So, it looks like you need an Authorization to Transport permit in advance to bring your handgun.SPECIAL CIRCUMSTANCES: IMPORTATION OF FIREARMS: Firearms are much more strictly controlled in Canada than in the United States. Violation of firearms restrictions may result in prosecution and imprisonment. As of January 1, 2001, visitors bringing any firearms into Canada, or planning to borrow and use firearms while in Canada, must declare the firearms in writing using a Non-Resident Firearm Declaration form. Visitors planning to borrow a firearm in Canada must obtain in advance a Temporary Firearms Borrowing License. These forms must be signed before a Canadian Border Services Agency (CBSA) officer at the border and no photocopies are available at the border. Full details and downloadable forms are available from the Canada Firearms Program . Canadian law requires that officials confiscate firearms and weapons from persons crossing the border who deny having the items in their possession. Confiscated firearms and weapons are never returned. Possession of an undeclared firearm may result in arrest and imprisonment.
Canada has three classes of firearms: non-restricted, restricted, and prohibited. Non-restricted firearms include most ordinary hunting rifles and shotguns. These may be brought temporarily into Canada for sporting or hunting use during hunting season, use in competitions, in-transit movement through Canada, or personal protection against wildlife in remote areas of Canada. Anyone wishing to bring hunting rifles into Canada must be at least 18 years old, must properly store he firearm for transport, and must follow the declaration requirements described above. Restricted firearms are primarily handguns; however, pepper spray, mace, and some knives also are included in this category. A restricted firearm may be brought into Canada, but an Authorization to Transport permit must be obtained in advance from a Provincial or Territorial Chief Firearms Officer. Prohibited firearms include fully automatic, converted automatics, and assault-type weapons. Prohibited firearms are not allowed into Canada.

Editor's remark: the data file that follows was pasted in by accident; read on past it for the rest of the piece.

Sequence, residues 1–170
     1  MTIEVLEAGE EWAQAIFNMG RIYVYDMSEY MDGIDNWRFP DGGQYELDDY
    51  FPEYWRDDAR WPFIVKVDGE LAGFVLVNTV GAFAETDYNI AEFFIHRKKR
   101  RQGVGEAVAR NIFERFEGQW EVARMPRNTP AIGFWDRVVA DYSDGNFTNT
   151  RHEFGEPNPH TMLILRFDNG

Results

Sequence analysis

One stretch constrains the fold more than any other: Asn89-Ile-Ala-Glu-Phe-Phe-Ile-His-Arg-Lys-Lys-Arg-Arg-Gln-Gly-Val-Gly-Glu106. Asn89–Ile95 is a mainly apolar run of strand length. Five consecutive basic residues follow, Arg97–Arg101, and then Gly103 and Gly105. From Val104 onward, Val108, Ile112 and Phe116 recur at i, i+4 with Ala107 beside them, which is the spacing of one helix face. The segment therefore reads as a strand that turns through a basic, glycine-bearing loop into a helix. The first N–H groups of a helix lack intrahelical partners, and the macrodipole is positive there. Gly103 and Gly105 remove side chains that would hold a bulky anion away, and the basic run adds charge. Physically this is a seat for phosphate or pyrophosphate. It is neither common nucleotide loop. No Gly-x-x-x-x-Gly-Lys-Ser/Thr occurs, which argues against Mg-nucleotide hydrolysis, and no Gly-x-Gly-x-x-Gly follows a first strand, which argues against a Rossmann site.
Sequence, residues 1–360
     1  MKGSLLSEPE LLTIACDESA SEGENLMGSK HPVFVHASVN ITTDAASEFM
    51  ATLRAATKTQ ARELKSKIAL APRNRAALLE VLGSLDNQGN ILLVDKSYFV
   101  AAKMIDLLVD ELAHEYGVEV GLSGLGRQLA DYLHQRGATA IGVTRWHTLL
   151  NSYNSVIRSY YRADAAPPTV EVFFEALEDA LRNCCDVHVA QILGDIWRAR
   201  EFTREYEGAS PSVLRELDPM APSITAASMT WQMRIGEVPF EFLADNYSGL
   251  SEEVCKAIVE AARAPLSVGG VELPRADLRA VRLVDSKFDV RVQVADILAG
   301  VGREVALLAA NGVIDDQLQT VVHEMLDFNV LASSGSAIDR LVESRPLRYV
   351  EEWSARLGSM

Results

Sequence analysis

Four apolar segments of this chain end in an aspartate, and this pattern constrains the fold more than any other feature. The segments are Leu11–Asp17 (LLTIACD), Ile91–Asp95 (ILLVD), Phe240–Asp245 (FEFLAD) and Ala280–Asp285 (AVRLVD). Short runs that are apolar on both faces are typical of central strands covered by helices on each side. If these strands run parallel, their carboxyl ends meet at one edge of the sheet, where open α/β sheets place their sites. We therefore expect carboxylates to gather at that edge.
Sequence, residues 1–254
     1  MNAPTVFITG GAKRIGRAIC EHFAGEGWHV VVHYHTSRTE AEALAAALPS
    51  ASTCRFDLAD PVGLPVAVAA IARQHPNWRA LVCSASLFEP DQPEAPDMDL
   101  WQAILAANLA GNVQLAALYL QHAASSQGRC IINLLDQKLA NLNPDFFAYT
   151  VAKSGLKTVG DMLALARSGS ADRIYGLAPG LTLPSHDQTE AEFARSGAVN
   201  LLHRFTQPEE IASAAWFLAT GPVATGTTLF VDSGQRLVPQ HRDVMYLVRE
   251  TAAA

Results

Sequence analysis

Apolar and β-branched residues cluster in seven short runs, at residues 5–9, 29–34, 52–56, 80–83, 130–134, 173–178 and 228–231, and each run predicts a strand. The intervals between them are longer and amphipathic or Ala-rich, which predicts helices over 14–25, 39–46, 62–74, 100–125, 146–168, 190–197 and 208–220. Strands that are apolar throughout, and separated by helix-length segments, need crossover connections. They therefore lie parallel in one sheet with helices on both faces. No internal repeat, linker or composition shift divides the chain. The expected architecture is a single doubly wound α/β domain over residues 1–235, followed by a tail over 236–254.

They will ask you if you have a gun, when you say you do, you will be thoroughly searched period.Even unloading and locking it away will be a risk. If you do happen to get searched and they find it, you are violating their firearms import laws. The fact that you can legally carry in certain states means nothing.
+1 for leaving it home.
It's probably in Blaine WA.DO NOT try to take it accross the border. Bad things could happen if by some chance you or your car get searched. FYI the last time I crossed a couple years back I spoke to the local police near the border (US side) and they told me of a store that has secure lockers that you can lock up such items for a small fee. I'm sorry I can't remember the name of the place but I do recall that they were very nice and secure. All went well and I picked up my pistol when I came back.